Memory Day

Dear J-

Look, all I’m saying is that if I’m flying two THOUSAND miles for holiday, I expect it to be sunny and warm.

— overheard in the crowd at the San Diego Zoo, roughly 10am

This Memorial Day we decided to get off to the Zoo, maybe not so early (it opens at 9), but early enough to avoid the big crushing crowds on major holidays, summer weekends, and sunny afternoons. May is, as so often around here, capricious: cold in the mornings, warming up to you and finally letting you know what Southern California’s all about. We ended up leaving around noon — not so hot that toting figgy in a backpack up some of the Zoo’s canyons (simple route this visit: around the Children’s Zoo, down Bear Canyon, and back up Cat Canyon and taking a twirl around Elephant Mesa) wasn’t more than invigorating, not enervating.

Two years ago Memorial Day fell on the first weekend after the miscarriage; we spent that particular holiday at Point Loma, Cabrillo National Monument after having passed numerous well-dressed mourners observing the holiday going through Fort Rosecrans National Cemetery. We had our own somber agenda to pursue, hoping that we could take our minds off of it and seeming to run into every single pregnant woman or newborn baby in the greater San Diego region instead. We found ourselves alone in the crowd, marked out by what seemed like a silent, morose brand amidst all the joy and sun. And I reminded theVet that this wasn’t forever and indeed, less than a year later, there was figgy to greet us with thunderous voice (I distinctly remember that she pretty much cried for the first hour of life or so: outrage, indignation, and how-do-you-have-the-gall).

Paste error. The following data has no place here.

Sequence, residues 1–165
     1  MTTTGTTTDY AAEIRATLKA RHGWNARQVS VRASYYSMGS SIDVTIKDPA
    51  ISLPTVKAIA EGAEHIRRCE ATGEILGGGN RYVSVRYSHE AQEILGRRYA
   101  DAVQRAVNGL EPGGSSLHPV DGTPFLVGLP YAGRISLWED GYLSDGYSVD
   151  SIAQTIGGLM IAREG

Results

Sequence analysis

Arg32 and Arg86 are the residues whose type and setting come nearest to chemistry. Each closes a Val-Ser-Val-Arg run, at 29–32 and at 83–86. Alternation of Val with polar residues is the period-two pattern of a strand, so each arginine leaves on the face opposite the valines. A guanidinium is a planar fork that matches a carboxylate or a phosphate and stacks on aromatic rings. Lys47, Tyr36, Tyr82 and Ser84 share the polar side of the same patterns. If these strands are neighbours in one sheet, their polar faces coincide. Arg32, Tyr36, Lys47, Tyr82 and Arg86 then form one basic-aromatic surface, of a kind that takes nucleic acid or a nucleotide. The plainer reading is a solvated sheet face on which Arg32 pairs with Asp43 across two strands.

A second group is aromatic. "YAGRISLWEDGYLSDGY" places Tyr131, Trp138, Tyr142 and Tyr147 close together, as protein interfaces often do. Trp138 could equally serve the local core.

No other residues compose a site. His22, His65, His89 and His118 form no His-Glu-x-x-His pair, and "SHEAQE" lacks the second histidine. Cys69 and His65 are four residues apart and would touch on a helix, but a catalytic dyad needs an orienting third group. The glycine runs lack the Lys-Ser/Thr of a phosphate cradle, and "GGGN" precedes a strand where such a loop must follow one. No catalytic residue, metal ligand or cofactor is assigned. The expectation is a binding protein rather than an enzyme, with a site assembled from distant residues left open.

We forget how easily we forget. We pack it away inside somewhere and manage to stumble over the right words for the occasion when it falls out of the mental closet and scatters pieces everywhere; put them back in the correct sequence, now, and tidy it up by precariously shutting that overstuffed door. But worst of all, we forget what really matters and read malice into action, deliberation into accident, and prefer reaction to patience. I need constant reminding of how we felt that long day in May 2006, knowing that things would be all right and still not believing it; saying the right things and not listening to them; the desperation and regret of hearing there was nothing we could have done differently and feeling placated. We stand stronger together. And the sun eventually wins.



2 Responses to “Memory Day”

  1. Junior Says:

    Spouse and I sometimes find it difficult. We would like to have children, but that hasn’t been the path chosen for us – so far, anyway. Then we read stories like this one and have to wonder about any notion of justice in the world.

    Be strong together and enjoy every minute you have with one another; there are no guarantees in life.

  2. dearJ Says:

    They have what they call a mood elevator chart at work: either you feel victimised or empowered, depending on how you choose to view events. I believe the first part of adulthood is realizing that you’re ultimately responsible for how you feel, which is a lesson that frequently escapes me.

    I’m finding that stories about children affect me more now; Louis Sachar’s There’s a Boy in the Girl’s Bathroom reduced me to a red-eyed mess last weekend.

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